This is my face . . .
with titanium plates and screws courtesy of reconstructive jaw surgery.
Entering the sixth and final week of my first phase of recovery, which has included a no-chew diet, I find myself in improved overall health.
This type of improvement has happened before: Three times to be exact.
This time I took note of the lesson and its potential impact on our daily health.
An article on the stoics by James Clear crystallized my thinking.
“Great thinkers, icons, and innovators think forward and backward. They consider the opposite side of things. Occasionally, they drive their brain in reverse. This way of thinking can reveal compelling opportunities for innovation.”
James Clear – Inversion: The Crucial Thinking Skill No One Ever Taught You – Mental Models
Intrigued by this concept of inversion, I considered the patterns that emerged in the wake of my three illness-induced health renewals.
I discovered the three keys present each time.
Diet, rest, and movement all get jolted during illness. We allow ourselves the necessary time during recovery to reset and find our equilibrium.
Illness #1 – Diagnosed with Crohn’s disease my senior year of college, I was advised to stick to a meat and potatoes diet.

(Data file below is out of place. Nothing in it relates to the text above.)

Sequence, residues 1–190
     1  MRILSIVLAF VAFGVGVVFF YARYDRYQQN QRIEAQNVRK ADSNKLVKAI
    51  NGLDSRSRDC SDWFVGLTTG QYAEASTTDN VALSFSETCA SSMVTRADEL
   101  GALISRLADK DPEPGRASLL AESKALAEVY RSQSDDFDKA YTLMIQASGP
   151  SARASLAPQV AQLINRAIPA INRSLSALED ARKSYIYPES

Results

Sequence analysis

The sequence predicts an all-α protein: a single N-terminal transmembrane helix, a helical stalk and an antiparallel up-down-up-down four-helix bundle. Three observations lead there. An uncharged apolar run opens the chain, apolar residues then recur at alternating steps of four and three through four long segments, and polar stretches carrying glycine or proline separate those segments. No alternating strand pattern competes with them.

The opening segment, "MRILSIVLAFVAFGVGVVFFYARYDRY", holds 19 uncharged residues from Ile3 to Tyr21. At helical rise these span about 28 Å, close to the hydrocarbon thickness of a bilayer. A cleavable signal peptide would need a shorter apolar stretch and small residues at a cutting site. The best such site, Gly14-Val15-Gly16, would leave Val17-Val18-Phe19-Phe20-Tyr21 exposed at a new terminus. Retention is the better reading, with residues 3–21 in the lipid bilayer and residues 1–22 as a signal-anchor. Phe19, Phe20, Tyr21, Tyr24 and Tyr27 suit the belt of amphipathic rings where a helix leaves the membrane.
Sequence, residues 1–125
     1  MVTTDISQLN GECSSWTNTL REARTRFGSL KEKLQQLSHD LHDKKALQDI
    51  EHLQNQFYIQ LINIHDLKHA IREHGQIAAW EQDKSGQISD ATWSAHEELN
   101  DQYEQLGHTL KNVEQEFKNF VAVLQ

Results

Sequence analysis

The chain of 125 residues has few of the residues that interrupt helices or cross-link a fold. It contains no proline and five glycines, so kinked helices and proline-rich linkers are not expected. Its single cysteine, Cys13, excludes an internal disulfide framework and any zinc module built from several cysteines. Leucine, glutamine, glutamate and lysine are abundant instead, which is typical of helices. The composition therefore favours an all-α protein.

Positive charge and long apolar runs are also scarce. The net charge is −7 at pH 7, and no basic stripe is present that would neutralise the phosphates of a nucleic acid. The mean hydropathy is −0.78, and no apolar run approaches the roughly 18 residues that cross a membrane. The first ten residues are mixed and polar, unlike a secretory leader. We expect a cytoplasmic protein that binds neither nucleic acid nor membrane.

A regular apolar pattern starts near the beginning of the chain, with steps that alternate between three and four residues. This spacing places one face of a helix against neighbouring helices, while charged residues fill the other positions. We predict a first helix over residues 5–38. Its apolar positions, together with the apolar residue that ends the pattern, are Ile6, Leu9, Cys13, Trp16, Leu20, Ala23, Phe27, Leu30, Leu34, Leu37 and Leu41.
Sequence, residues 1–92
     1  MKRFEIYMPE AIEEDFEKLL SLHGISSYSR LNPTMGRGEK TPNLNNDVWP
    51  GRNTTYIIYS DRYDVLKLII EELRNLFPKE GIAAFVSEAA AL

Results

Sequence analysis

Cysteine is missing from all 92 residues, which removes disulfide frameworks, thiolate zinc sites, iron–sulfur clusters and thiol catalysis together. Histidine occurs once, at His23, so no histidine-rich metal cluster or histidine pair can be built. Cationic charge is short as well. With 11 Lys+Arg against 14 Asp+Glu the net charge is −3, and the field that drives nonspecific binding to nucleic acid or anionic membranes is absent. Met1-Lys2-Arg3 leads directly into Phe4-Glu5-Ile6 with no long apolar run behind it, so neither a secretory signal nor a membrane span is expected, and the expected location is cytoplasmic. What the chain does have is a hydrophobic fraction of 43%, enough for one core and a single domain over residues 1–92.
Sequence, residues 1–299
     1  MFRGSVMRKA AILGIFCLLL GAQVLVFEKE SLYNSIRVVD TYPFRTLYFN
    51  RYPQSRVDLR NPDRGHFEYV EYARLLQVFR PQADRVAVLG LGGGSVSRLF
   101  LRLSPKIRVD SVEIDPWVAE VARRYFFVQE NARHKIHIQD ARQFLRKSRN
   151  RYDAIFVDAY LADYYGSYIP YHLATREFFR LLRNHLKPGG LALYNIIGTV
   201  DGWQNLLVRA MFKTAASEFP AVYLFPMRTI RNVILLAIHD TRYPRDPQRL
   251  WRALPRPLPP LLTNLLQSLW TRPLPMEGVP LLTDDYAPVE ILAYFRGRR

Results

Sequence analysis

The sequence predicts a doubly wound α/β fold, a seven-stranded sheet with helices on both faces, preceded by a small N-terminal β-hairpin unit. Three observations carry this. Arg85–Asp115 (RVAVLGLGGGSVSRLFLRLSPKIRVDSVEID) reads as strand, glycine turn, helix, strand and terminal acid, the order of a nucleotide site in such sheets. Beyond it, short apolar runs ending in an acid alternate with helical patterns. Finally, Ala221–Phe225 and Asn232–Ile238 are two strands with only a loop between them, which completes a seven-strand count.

Turns out it wasn’t what I ate that mattered as much as what I didn’t.
Cutting wheat and processed foods out of my diet ~ not so easy in the late 1980’s ~ not only quelled my Crohn’s but lead to a renewed vitality and mental clarity.
Learning the value of rest and restorative movement came later.
Illness #2 – High risk family genetics and fibrocystic disease prompted a preventive double-mastectomy and reconstruction in 2006.
I had a choice, one that my, mother, aunts, and cousins hadn’t, and it increased the vigilance of my recovery. The preservation of my health was a gift that could be honored in making self-care a priority amidst all the other responsibilities and opportunities clamoring for my attention.
“These two threads that run through our life—one pulling us into the world to achieve and make things happen, the other pulling us back from the world to nourish and replenish ourselves—can seem at odds, but in fact they reinforce each other.” ― Arianna Huffington, The Sleep Revolution: Transforming Your Life, One Night at a Time
Illness #3 – Easing back into a series of yoga poses following this latest surgery revealed a startling realization.
My body was more balanced after two weeks of recovery than it used to be after a few days of business travel.
The more sustained hold of each pose reinforced my body’s positive response to healing over stress.
Visitors, calls, cards, and gifts often express the care of friends and family during times of illness and recovery. The time to be present to appreciate these offerings is another benefit altogether.
Illness #1 – The challenge of coming to terms with chronic illness pulled me away from the joy and the bustle of preparing for graduation.